UN: Israel’s demolitions of Palestinian homes hit record high
Ready to demolish a Palestinian home, Israeli soldiers and buldozers surround Samir Muhammad Hasan Younis home in the West Bank village of Azzun Atma near Qalqilia on January 11. (MaanImages/Khaleel Reash)
April 3, 2011
JERUSALEM (Ma’an) — Israel’s demolitions of Palestinian homes and buildings reached a record high in March for the third consecutive month, according to figures from the UN agency for Palestinian refugees.
The UN Relief and Works Agency recorded 76 demolitions of Palestinian buildings in March, forcibly displacing 158 Palestinians including 64 children.
So far this year, Israel has demolished the homes of 333 Palestinians, including 175 children, UNRWA reported.
Meanwhile, Israel has built a record number of Jewish-only homes on occupied Palestinian land, in contravention of international law.
Commenting on the unprecedented figures, UNRWA spokesman Chris Gunness told Ma’an that they revealed ethnic discrimination.
“I am not saying this is classic ethnic cleansing, but the UN High Commissioner for Human Rights has condemned this discrimination and make no mistake, it is discrimination against one ethnic group.”
Demolition of the peace process
The last round of talks collapsed over Israel’s refusal to extend a partial freeze on illegal settlement building on occupied Palestinian land. Palestinian negotiators refused to engage in talks while Israel built on land which would be a Palestinian state if a peace agreement was reached.
Gunness noted that by demolishing Palestinian homes, Israel was diminishing the possibility of a two-state solution.
“The West Bank is where the future Palestinian state is meant to be situated. Its viability is being reduced with each demolition.”
The UN agency urged peace makers to pressure Israel to end its discriminatory practices, noting that the culture of impunity led to more abuses, stimulated anger and resentment on both sides and impeded the peace process. “Homes, families, lives and the peace process are being demolished,” Gunness said.
[End of Article by Ma'an News Agencies]
In 1947 the UN partitioned Palestine, giving over half the land to one third of the population —mostly recent Jewish immigrants — and allotting the rest to the indigenous, Palestinian population. In 1948, when the British withdrew, the Zionist forces took 78% of Palestine, driving out most of the inhabitants and razing to the ground about 500 Palestinian villages.
In 1967 Israel occupied the rest of Palestine and set about colonising the West Bank, Gaza, East Jerusalem and the Golan Heights. Many settlements are built on prime agricultural land.
The Israeli government claims that the status of the West Bank, East Jerusalem, the Gaza Strip and the Syrian Golan Heights is ‘disputed’. But this view flies in the face of international law. In fact, no state recognises Israel’s right to continue to hold these Occupied Territories.
Even Israel’s own Supreme Court, in 2002, recognised that the West Bank and Gaza are “subject to a belligerent occupation by the State of Israel.”
The rights of a people living under occupation are guaranteed under Article 49 of the Fourth Geneva Convention (to which Israel is a signatory), which states “the occupying power shall not deport or transfer parts of its own civilian population into the territory it occupies.” To do so is a war crime, indictable under the International Criminal Court.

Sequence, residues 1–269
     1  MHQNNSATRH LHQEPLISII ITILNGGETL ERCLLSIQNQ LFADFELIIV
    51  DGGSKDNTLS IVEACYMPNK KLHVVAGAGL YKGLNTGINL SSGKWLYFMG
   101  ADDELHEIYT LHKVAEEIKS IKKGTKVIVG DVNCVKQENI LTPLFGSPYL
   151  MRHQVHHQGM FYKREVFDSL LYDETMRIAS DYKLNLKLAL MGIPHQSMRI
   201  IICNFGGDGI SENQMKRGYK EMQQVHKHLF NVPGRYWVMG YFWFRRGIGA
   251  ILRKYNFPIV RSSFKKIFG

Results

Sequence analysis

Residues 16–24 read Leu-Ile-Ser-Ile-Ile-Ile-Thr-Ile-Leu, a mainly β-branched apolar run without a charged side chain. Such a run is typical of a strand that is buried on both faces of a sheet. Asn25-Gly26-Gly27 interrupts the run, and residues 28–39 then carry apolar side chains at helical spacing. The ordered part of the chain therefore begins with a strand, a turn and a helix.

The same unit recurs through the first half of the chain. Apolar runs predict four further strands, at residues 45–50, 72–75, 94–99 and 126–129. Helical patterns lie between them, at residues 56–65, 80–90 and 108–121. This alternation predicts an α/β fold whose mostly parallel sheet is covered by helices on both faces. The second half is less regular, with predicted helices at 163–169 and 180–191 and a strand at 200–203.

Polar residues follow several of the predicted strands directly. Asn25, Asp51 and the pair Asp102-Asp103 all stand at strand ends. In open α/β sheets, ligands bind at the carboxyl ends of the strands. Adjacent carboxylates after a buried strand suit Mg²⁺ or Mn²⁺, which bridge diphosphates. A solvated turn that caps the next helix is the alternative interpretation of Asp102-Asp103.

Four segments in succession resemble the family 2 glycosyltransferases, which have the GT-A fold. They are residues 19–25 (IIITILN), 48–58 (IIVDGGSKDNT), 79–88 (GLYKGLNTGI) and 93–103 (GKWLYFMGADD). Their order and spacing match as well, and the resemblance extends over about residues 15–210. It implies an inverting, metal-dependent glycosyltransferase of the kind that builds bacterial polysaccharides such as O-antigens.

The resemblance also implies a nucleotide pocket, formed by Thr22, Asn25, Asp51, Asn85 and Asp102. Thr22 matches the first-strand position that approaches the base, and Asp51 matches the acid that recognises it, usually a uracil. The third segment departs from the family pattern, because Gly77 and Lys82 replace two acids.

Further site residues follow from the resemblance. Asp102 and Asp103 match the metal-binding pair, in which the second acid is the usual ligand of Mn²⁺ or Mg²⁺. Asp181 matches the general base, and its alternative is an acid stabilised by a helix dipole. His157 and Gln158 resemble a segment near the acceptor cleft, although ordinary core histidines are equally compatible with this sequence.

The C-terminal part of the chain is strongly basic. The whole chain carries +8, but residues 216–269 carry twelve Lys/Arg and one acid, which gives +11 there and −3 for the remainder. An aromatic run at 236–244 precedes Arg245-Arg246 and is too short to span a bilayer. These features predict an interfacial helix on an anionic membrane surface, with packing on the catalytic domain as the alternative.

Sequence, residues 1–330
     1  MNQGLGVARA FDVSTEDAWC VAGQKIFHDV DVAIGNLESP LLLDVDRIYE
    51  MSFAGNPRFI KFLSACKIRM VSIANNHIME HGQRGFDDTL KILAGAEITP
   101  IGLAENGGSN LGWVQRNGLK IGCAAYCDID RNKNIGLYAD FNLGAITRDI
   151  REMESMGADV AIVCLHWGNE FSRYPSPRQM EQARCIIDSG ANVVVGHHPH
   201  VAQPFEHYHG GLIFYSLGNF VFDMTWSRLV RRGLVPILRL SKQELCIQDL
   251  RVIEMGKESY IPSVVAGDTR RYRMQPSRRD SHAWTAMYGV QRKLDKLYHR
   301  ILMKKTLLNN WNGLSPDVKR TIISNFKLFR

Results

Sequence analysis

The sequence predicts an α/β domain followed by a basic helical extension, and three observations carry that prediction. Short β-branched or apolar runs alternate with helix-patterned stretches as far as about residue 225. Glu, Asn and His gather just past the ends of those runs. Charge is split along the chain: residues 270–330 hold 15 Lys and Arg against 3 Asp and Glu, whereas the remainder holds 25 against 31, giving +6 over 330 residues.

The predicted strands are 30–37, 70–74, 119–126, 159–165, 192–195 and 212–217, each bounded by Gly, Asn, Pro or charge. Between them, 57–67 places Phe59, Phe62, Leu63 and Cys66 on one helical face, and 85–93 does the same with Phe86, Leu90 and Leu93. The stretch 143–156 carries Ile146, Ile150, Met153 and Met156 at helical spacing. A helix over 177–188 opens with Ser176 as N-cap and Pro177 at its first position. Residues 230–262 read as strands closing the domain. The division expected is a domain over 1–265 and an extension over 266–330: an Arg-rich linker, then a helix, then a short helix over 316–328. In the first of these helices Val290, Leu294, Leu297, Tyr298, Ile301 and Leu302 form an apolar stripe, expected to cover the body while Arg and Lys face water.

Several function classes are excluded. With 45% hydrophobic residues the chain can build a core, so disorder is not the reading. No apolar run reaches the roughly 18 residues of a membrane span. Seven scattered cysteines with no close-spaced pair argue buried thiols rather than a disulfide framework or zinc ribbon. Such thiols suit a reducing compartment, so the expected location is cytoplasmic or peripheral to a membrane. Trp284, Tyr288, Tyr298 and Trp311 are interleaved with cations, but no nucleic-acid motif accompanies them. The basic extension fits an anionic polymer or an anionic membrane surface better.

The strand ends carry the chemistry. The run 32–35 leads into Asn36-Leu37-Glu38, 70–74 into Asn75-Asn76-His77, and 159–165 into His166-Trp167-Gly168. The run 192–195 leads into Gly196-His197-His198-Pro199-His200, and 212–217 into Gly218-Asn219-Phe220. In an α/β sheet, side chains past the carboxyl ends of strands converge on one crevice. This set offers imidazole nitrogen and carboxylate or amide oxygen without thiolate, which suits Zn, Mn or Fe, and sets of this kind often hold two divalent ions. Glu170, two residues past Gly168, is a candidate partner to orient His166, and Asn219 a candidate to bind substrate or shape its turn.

However, since 1967, successive Israeli governments have pursued a policy of building and expanding colonies (or ‘settlements’) in the Occupied Territories. Land is grabbed, driving out the Palestinian population, and huge numbers of soldiers and resources are employed to guard the newlycreated hostile colonies. The largest are Ariel (18,000 inhabitants) and Maale Adumim (35,000 inhabitants).
The settlements policy constitutes an attempt to alter the final status of the land on which they stand. By implanting thousands of Israelis deep in occupied land, Israel hopes to expand its borders by annexing these settlement areas, including the Jordan Valley.
UN Security Council resolutions have ruled Israel’s settlements to be illegal and an obstruction to a peaceful resolution to the conflict in the Middle East. Yet at the beginning of 2010 there were about 120 settlements, and dozens of unofficial ‘outposts’, with a population of about 300,000 in the West Bank and nearly 200,000 in and around East Jerusalem. About half the West Bank is now under the jurisdiction of settlements, either as built-up areas or future land reserves for settlement expansion. 
All the above policies and actions are in contravention of international law, and have been condemned by dozens of UN resolutions — to no avail.
The International Court of Justice ruling on 9 July 2004 declares the Wall illegal and instructs the International Community “not to render any aid or assistance in maintaining the situation created by it.”
The Hague Convention on Respecting the Laws and Customs of War on Land lays down that “the lives of persons, and private property must be respected: private property cannot be confiscated”Section IV, Article 46, The Hague Convention
It is “forbidden for an occupying state to destroy any movable or immovable private property belonging to individuals, groups, states, public authorities, social organisations or cooperatives unless military operations require such destruction.”Article 53 of th IVth Geneva Convention
The Jordan Valley
In colonising this area, Israel is seeking to ensure that any future Palestinian ‘state’ would not have international borders with any other country: it completes the encirclement of Palestinian centres of population. Israelis are encouraged to settle here with the gift offree land (expropriated from Palestinian farmers), free water for irrigation and cash incentives.
Much of the Israeli agricultural produce in our shops is from this fertile area. Grown illegally on confiscated land, it is often exported as ‘produce of Israel’ and benefits from the preferential tariffs with the EU. This produce is an especial focus of the growing ‘Boycott, Divestment and Sanctions’ campaign (see below).